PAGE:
Interior Design News

This week, on Friday, September 21st, the fourth- year interior design students will present their internship experiences at 12 pm in the Gallery. The Interior Design Program requires a three-credit (225 minimum working hours) paid internship experience to be completed in the summer between their third and fourth year. The program has a very intentional sequence of courses and learning outcomes related to professional development that threads through a series of courses to help prepare and align student learning with job placement and learning experiences that allow students to apply their knowledge and skills as an interior designer in-training with low risk failure and the mentorship of professionals.

After many courses that address disciplinary and system knowledge which are necessary for the design of interiors, students take Professional Practice IDES318 in the spring of their junior year. This course covers the legal, business and ethical procedures and practices of interior design; but also prepares students for internships and jobs by covering interview and communication skills, building design portfolios and resumes, identifying personal strengths and professional goals to best align internship placement and exploring methods of contacting firms of interest. Offering this course in the spring semester is strategic in that it not only prepares third-year students for an upcoming summer internship, it also coincides with the UNL College of Architecture Career Fair. At the career fair, students get to apply their skills and learning as they interview for internships and jobs with visiting firms. Stacy Spale (current IDES318 instructor) crafts assignments in Pro Practice and works closely with ID Internship Coordinator Mark Hinchman, that help students identify and establish connections with firms that best meet their goals. Due to an activate and supportive alumni network, we are able to place students across the country from San Diego to New York City and many places in between.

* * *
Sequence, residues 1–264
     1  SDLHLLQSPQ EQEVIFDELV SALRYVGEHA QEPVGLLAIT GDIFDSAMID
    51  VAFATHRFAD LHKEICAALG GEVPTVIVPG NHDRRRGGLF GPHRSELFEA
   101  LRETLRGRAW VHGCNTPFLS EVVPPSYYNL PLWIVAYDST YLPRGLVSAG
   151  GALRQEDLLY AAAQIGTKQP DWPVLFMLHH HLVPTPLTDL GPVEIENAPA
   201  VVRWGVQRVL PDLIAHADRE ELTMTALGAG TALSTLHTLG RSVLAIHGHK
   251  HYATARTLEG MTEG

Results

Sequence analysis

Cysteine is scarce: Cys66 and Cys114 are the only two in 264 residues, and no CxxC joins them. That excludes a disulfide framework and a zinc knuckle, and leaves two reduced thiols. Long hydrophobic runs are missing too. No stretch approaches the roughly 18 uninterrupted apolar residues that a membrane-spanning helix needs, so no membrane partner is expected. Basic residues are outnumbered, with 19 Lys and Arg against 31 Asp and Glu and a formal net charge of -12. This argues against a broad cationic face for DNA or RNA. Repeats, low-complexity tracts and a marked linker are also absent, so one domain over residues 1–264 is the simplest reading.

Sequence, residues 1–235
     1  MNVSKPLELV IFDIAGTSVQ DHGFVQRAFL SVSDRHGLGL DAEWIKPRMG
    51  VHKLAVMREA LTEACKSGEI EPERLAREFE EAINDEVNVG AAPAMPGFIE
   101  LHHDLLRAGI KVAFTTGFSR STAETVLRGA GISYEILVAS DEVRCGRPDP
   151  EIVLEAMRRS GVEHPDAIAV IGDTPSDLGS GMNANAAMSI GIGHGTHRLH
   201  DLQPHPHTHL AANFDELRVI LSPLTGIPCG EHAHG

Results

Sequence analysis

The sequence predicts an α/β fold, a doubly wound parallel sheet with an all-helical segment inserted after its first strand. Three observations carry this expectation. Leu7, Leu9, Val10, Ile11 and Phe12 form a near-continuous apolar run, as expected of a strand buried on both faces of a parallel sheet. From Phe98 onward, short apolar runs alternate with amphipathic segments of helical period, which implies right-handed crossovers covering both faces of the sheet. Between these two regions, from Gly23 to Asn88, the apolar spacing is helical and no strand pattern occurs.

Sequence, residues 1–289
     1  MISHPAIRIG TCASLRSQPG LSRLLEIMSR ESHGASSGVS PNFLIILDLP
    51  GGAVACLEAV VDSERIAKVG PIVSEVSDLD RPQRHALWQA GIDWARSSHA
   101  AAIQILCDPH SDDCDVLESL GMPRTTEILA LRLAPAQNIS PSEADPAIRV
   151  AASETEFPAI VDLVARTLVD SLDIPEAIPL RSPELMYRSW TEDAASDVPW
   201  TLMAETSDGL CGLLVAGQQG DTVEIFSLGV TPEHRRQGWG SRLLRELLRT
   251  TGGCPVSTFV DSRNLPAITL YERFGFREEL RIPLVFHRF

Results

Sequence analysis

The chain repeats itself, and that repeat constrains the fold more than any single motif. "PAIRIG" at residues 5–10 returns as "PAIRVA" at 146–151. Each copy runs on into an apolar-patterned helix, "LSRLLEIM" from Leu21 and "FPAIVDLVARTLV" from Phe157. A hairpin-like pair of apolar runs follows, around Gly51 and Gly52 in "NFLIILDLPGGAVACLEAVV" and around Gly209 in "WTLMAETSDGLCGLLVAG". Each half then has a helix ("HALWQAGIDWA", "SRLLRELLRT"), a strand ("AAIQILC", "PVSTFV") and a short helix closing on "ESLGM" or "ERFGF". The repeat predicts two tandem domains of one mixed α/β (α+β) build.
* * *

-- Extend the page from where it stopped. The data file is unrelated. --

This year, student internship experiences varied from;
• Large scale international firms (like Gensler-Denver and San Francisco) to mid-size local firms (Alley Poyner, Clark Enerson)
• More typical A&E project based experiences (HDR, DLR Group, Davis Design, Gresham Smith-Nashville) to more specialized experiences (Archrival, Workshop Unknown, Vahallan Wallpaper, Unlimited Innovations)
• Commercial based projects (US Property, BCDM Architects) to residential focused projects (Lee Douglas Interiors, Paul Daniels Interiors, Regency Homes, New Age Design).

Upon returning, students continue the thread of professional development by participating and positioning their disciplinary knowledge and professional experiences with an interdisciplinary team in DSGN410-Collaborate, then they are able to define a comprehensive capstone project for their final design studio in the spring. Often, the internships not only provide an opportunity for students to apply their disciplinary knowledge, but are also motivational. This motivation often comes in the form of strategically identifying a particular topic or interest area for their capstone.

Finally, the thread of professional developments ends by assisting soon-to-be graduates with job placement. The Interior Design Program attributes some of our impressive 95% job placement rate to the intentional positioning of the “professional development thread” in our curriculum. In addition to receiving a top-notch education that prepares our students to have competitive skillsets and excellence in the design of interior built environments, we believe the required internship helps students and our program, to establish meaningful connections through positive learning experiences.

If you are an interior design student, please feel free to join us on Friday and hear about the internships our fourth year students had this past summer. It is never too soon to start identifying places you may want to be in the upcoming years.

-Lindsey Bahe